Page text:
Where are the objections and counterpoint arguments from our opposition parties? I, for one, have seen or heard nothing from Helen Zille, Bantu Holomisa or any other non-ANC politician. Are they telling us, by omission, that they agree with His Majesty? Are they, perhaps, all overseas on holiday? Do they care?
One would have thought that this entire recent episode of the ANC slipping loose the pups of war would have been a wonderful opportunity to at least have a poke at the self-appointed royal dynasty of South Africa. Yet, nary a word; maybe I read the wrong newspapers.
Where are the questions from the formal opposition parties concerning the fundamental premises of the President’s and ANC’s apparently divisive statements and underlying thinking – be it on the rights of minorities (whoever they may be) as opposed to the majority (whoever they might be), the acceptability or otherwise of dog ownership, the role in a modern day democracy of traditional courts (and just whose traditions, anyway?), the rights and wrongs (and in whose eyes?) of having straight or curly hair, darker or lighter skin, of being clever or merely compliant, or whatever.
Where are the alternative ideas and arguments (and I speak here not of the rampant and vitriolic often unreasoned fuming of the far-left or far-right; extremes will always produce their share of bigotry, stupidity and downright lunacy)?
Where are those who can and will present viable, well thought-out and lucid counters to the deceptions and distractions of the ANC as it seeks to further entrench and enrich itself on what is rapidly becoming the carcass of South African society and its economy?
Entertaining (in a sadomasochistic way) as the ANC might be in terms of its antics, why is it only the ANC that dominates the headlines? I fully understand that the media courts and rewards controversy because it is exciting and increases circulation and advertisers, but when are the other political parties in this country going to learn that they are being squeezed out and effectively silenced because they do not adequately and appropriately respond to the ANC and its dominance of the news market – even if that dominance is for entirely the wrong reasons? Is it perhaps surprising that many people in South Africa might think that the ANC is the only game in town?
All of this then begs the question: what is it about South Africans that always they cry and then wait for leadership?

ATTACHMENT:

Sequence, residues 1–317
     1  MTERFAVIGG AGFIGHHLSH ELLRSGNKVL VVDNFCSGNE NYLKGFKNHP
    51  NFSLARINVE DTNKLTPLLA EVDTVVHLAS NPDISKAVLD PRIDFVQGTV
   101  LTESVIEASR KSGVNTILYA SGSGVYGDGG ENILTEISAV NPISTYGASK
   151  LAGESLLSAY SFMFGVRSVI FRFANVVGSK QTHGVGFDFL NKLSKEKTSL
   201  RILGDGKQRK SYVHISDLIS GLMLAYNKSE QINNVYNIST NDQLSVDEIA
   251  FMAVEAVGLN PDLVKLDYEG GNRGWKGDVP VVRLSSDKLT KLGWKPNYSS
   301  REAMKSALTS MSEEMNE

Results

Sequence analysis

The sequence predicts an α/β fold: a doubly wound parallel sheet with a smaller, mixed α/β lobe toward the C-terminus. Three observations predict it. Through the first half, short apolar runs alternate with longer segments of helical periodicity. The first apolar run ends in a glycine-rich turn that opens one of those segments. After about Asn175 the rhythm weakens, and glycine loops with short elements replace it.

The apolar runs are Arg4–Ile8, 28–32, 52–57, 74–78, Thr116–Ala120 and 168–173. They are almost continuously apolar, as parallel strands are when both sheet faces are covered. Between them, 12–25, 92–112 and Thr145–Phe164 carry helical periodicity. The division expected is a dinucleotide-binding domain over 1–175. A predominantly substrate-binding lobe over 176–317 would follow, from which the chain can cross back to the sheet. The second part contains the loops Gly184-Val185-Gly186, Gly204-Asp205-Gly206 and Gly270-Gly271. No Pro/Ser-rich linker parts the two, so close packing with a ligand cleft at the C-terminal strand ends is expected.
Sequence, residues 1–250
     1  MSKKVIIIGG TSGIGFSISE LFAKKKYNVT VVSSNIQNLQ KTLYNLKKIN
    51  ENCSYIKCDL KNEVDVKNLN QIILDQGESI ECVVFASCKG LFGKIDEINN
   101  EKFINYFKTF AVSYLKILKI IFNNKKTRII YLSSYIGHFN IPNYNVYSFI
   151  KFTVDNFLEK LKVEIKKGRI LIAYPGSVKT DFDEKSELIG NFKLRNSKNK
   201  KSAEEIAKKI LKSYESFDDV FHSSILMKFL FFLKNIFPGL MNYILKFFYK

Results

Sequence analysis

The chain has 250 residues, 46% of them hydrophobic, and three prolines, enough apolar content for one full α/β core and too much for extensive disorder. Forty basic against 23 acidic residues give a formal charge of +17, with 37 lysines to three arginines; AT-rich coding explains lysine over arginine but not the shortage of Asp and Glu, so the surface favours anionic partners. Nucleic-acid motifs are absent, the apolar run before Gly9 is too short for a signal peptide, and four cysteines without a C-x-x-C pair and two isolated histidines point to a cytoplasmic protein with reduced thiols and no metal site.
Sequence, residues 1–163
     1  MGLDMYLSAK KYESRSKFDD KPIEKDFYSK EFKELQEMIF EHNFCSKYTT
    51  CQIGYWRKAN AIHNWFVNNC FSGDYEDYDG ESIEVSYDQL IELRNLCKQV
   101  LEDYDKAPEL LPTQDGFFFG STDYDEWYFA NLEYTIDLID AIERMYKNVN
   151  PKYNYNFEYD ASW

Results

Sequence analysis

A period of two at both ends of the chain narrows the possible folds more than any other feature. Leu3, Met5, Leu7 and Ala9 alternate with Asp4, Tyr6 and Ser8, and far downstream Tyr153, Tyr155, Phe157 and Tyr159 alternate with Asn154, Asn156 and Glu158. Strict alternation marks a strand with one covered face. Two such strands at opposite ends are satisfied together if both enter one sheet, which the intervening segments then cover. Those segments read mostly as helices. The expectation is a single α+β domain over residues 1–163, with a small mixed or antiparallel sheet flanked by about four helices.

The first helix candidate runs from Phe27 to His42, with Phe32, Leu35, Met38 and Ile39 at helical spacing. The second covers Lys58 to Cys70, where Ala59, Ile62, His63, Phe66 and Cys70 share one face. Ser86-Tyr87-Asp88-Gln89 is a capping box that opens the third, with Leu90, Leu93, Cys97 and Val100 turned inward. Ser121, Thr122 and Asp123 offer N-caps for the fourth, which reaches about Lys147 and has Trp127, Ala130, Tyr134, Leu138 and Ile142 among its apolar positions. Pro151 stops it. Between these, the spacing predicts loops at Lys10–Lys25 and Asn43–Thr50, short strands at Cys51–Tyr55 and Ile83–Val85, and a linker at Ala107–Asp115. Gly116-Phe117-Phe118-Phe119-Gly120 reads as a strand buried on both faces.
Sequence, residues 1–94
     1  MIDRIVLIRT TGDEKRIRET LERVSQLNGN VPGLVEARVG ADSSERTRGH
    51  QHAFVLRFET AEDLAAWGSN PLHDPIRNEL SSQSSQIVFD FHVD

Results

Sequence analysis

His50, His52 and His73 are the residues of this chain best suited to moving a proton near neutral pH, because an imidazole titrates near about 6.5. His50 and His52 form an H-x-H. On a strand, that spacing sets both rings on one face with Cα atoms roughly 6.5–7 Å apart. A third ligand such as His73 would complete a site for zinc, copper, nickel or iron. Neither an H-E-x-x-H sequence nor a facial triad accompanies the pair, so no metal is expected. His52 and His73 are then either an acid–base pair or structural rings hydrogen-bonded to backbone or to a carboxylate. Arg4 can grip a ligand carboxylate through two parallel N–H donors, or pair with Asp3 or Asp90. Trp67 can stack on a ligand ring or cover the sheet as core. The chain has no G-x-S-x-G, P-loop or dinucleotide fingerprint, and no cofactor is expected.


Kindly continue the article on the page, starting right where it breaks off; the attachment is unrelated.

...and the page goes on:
We criticize – justifiably, in many instances – the ANC. They are an easy target because they are in government and there is no way (much as they might like to think otherwise) that they can satisfy all of the people all of the time and it’s easy to take potshots at an established, smug and comfortable regime that thinks it has it made.
But isn’t it time that we started to demand of our other politicians not of the ANC that they, too, must step up to the plate and give us something, equally volubly and headline-grabbing, to stand against the ANC by way of comparison? Modern-day politics is very largely about publicity and popularity; this might not be ideal or even desirable but it is the way of modern politics. And, not to put too fine a point on it, this is just what we do not see from any of the many other political parties in this country. We rarely see or hear anything of them. We do not know what they are thinking and how their thoughts, policies and ethics would impact us. Have they, together with the ANC, settled into a nice comfortable niche where the status quo is rewarding enough not to rock the boat too much? Where is the courage of their particular convictions – and when are we going to see that courage manifest itself?
The fire in the belly of the ANC has been extinguished by a surfeit of sushi, SUV’s, mansions, executive perks, bonuses and expanding waistlines. We now need our other parties and their luminaries – ALL our other parties – to stand toe-to-toe with the ANC and spit in their eye over the many inefficiencies, ineptitudes, injustices and inequalities that have either carried over from previous days or have been created since their ascent to power.